It is therefore vital to review the connectivity experience and bank relationship capabilities of your implementation partner. Choose a partner that can demonstrate their connectivity capabilities locally as well as in Africa. Cash management is at the heart of a corporate treasury department’s core functions. If nothing else, treasury is expected to stay on top of its cash position, future cash needs, and cash outlook. However, treasurers can’t think about those until cash management is under control. And that remains a challenge if connectivity is not robust and your partner is not experienced in ensuring 100% visibility.
Implementation and Support Partner:
Many treasury management system implementations fail once the implementation team signs off and return to implement other projects. The system’s complexity makes it difficult for the users to understand and then communicate across geographical areas and time zones become a major hurdle in the success and further rollout of the TMS solution.
A local implementation partner with a support SLA that can be independently verified will ensure that your TMS implementation runs smoothly and that continuous training are provided to new employees.
Because of the time and effort spent selecting a TMS, as well as an implementation and support partner, rigorous reference checking is critical. Few treasurers get the chance to implement a TMS more than once in their careers, and many have burned their fingers on botched implementations.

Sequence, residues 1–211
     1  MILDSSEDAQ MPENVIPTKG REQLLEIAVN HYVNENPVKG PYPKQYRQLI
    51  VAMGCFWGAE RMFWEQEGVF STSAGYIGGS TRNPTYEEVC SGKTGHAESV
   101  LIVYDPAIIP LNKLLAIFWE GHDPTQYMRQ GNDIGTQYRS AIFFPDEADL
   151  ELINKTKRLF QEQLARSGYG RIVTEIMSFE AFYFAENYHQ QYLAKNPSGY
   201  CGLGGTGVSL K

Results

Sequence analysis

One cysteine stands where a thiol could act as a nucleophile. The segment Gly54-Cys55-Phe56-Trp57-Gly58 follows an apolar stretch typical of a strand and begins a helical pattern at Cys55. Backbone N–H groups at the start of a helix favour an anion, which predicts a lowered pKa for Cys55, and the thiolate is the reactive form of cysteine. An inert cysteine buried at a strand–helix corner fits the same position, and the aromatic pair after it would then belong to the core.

The following are some questions/points to consider:
- Senior employee stability and succession planning at the TMS solution and implementation partner.
- The technology enhancements that are in the pipeline for the next 24 months.
- Service level agreement and penalties should be standard in the agreement.
- The bank integration and relationship experience of the implementation partner.
- Support desk – No of treasury users supported, the average time to close call, support SLA
- Support in a local language, local time at local rates.
- Training, training manuals and ongoing training options and costs.
- Implementation partners project scoping and management abilities.
- Disaster recovery plans and testing results.
- Other products/support services offered.
When verifying implementation partner references, try to align your priorities and operating environment with the provided references. For example, if you plan to deploy a SaaS solution, be sure to talk to a SaaS client. This step is strongly encouraged as performing it can help save significant time, money and frustration in the long run.
Take care to ensure that the treasury management system selected for your organisation gives greater independence from ERP systems and banks, is scalable to incorporate new functionality, incorporate best practise security protocols and seamlessly integrate with your ERP, banking partners, online dealing platforms and market rate providers.
Finally, your implementation partner should be experienced in various TMS platforms, and be able to assist in building the business case so that the ROI is a logical and reachable KPI for the treasury team.
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Read: ROI of a TMS